America’s Cup race officials said today that they are reviewing the safety of the boats being used in September’s regatta in San Francisco following the death of a sailor Thursday in a capsizing during a practice run.
Andrew “Bart” Simpson, 36, a member of the Sweden-based Artemis Racing team, died following the capsizing in the Bay shortly after 1 p.m. Thursday.
Officials held a news conference at race headquarters in San Francisco this morning to discuss the death and how they plan to move ahead with the sailing races that begin in July and end with the America’s Cup Finals in September.
Andrew Simpson: Sailor’s Death Following Boat Breakup Forces Painful Questions [Weekly]
America’s Cup yacht nosedived, broke into pieces [AP via Ex]
Fatal America’s Cup sailing accident on Bay raises safety questions [ABC7]
America’s Cup crash probe could impact race [Chron]
Regatta director Iain Murray said Simpson was aboard the Artemis Racing AC-72, a 72-foot catamaran that nose-dived and went into the water upside down.
The boat was broken into many pieces and it appears Simpson was trapped under some of the solid sections of the yacht, Murray said.
Simpson was “out of view, out of sight for the myriad of people on board trying to locate him,” Murray said.
The sailor was eventually found after about 10 minutes and CPR was administered while he was taken ashore to the St. Francis Yacht Club. However, Simpson could not be revived and was pronounced dead at 1:43 p.m., San Francisco fire officials said.
America’s Cup Event Authority CEO Stephen Barclay said the death has devastated everyone involved in the race.
The sailors “are a bit like a big family,” Barclay said. “When something happens to one of our members, we all feel the loss.”
Practices have been suspended for the next three days for teams in the regatta and Artemis Racing officials have not indicated whether they plan to continue in the races, Murray said.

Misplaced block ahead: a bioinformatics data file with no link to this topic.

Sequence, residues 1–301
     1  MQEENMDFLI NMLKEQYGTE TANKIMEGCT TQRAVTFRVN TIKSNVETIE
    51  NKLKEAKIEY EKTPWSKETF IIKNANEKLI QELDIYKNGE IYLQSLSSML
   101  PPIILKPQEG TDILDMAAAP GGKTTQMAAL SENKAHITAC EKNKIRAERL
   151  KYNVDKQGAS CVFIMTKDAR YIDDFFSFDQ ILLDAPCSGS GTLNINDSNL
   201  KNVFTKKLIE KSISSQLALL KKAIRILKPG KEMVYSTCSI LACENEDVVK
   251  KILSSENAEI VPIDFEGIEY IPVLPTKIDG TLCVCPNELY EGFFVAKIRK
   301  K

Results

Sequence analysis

He said while San Francisco police are conducting an investigation into the death, America’s Cup officials will conduct their own investigation to see what, if any, changes should be made to the 72-foot boats or other aspects of the races.
“We take the safety of our sport very seriously and respect the ocean at all times,” Murray said. “We are constantly trying to improve the way we manage these boats.”
He said the area where the capsizing occurred, a “triangle” between Treasure Island, Angel Island and Alcatraz Island, was not part of the planned race course and that there are no plans to alter the course.
He said the area of the capsizing was “a windier spot on the Bay” but it also “wasn’t extreme conditions.”
Artemis Racing chairman Torbjorn Tornqvist issued a statement today about the death of the team’s sailor.
Tornqvist said Simpson “was central to Artemis Racing, both in the course of racing and our lives. His presence and personality was a binding force and he will be missed.”
Tornqvist said, “Right now, the primary focus of Artemis Racing is on the well-being of our team members and their families, and the America’s Cup competition will remain second to that.”
He said the team “will conduct a thorough analysis and review of this accident and will be looking at how the risks inherent to such competitive sailing can be limited in the future for the safety of the team and all competitors in the sailing community.”
Simpson won two Olympic medals in sailing, a gold medal in the 2008 Beijing Games and a silver medal in the 2012 Games in London, according to team officials.
Sasha Lekach, Bay City News